In the Roman Canon, after Clement, we find Sixtus.
The name of Xystus, found in ancient records, is the Greek form of Sixtus. During the first three centuries, there were two Popes of this name. Sixtus I (115 to about 125) governed the Church during the reign of the Emperor Hadrian, when the lot of the Christians was a hard and painful one; he suffered martyrdom and was buried in the Vatican near St. Peter. His feast occurs on the sixth of April.
Far better known and more celebrated is Sixtus II, a Greek by birth. His pontificate (257-258) fell during the stormy period of the Valerian persecution of the Christians. In spite of the Emperor’s prohibition, he ventured to hold divine service in the Catacombs. Discovered by the heathen soldiers and apprehended, he was dragged into the city before the tribunal and condemned; afterward he was again led back to the Catacomb of Praetextatus, in which he had previously celebrated the Holy Sacrifice, and was beheaded on, or near his episcopal throne. The crown of martyrdom was granted to him on August 6, 258. His body now rests in the very ancient church situated on the Appian Way, S. Sisto vecchio in Rome.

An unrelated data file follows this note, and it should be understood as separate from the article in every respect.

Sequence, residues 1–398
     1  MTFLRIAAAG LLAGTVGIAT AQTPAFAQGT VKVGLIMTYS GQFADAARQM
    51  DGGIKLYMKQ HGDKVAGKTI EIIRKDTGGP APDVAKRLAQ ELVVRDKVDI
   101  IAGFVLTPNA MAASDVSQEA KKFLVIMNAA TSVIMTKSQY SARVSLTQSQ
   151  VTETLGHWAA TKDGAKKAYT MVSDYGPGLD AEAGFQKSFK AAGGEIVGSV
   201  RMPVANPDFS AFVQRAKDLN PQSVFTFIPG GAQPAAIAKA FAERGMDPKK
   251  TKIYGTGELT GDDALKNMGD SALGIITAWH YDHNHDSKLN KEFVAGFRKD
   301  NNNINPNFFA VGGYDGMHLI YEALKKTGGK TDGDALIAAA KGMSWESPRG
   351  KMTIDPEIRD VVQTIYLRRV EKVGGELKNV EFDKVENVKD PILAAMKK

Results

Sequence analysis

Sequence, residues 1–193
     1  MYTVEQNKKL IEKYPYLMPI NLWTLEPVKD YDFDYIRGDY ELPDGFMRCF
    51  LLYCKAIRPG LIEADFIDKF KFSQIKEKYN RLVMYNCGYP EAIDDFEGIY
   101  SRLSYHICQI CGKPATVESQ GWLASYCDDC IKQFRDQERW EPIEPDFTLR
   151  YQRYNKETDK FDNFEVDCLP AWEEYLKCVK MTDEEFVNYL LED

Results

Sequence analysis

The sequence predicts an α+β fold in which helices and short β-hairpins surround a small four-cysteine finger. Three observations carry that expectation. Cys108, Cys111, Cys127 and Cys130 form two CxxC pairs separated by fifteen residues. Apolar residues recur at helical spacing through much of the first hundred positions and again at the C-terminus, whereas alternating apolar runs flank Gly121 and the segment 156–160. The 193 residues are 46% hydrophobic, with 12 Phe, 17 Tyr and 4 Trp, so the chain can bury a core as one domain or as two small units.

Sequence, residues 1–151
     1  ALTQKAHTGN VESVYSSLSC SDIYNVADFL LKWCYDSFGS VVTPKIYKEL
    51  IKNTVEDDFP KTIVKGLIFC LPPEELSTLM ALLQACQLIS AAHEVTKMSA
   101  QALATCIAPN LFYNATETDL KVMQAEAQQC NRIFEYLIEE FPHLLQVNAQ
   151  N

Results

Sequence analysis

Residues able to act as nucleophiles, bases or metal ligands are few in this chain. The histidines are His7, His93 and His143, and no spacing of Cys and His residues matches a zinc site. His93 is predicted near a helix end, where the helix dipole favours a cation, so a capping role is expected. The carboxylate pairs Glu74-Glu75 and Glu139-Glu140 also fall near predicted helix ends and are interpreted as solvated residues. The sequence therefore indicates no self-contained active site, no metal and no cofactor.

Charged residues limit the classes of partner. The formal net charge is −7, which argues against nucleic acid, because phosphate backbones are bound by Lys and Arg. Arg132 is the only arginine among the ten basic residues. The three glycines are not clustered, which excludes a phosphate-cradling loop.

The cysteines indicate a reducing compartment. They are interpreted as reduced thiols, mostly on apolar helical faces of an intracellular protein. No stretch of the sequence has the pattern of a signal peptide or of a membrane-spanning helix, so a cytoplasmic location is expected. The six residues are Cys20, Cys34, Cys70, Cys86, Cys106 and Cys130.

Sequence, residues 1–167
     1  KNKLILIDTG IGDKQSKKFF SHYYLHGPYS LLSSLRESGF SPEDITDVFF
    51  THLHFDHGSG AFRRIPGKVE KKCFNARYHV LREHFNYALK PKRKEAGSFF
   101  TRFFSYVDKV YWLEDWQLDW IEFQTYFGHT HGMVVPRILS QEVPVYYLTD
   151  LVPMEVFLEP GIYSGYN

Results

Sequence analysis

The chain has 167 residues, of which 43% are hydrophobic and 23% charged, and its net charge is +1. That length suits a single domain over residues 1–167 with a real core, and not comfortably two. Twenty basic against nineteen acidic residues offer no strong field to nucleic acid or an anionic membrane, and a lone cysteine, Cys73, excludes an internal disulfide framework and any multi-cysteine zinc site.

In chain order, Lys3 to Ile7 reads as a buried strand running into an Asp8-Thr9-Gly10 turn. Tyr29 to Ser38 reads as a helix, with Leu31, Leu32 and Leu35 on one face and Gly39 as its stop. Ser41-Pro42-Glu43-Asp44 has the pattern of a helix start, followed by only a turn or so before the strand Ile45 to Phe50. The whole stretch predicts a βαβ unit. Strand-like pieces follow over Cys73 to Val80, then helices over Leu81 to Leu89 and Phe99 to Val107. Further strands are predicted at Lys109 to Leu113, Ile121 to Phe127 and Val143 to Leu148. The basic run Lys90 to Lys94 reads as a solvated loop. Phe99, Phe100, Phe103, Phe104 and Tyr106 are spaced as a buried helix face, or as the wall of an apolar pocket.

Which Sixtus is it — the first or the second — that is commemorated in the Canon? Opinions are divided. To prove that Sixtus I is intended, it is asserted that the five Popes are mentioned in chronological order. As only Sixtus I reigned before Cornelius, he is mentioned in the Canon in that position.
More and stronger reasons are in favor of Sixtus II. His memory has ever been highly celebrated in the Church; the Catacombs prove this by many pictures, illustrations, and prayers. As Sixtus II, in his martyrdom, preceded his glorious Deacon Lawrence, thus is he likewise mentioned before him in the Canon. St. Sixtus II, it is true, occupied the Papal chair only after St. Cornelius; but here there was a reason for departing from the chronological order and placing the name of Sixtus before that of Cornelius. For this was done that the names of the two Saints, Cornelius and Cyprian, might not be here separated, as they were otherwise always connected in the veneration of the Church. Already in the most ancient Roman liturgy both have a common Mass, as is still the case at the present day.
St. Sixtus, pray for us!
For the Greater Glory of God,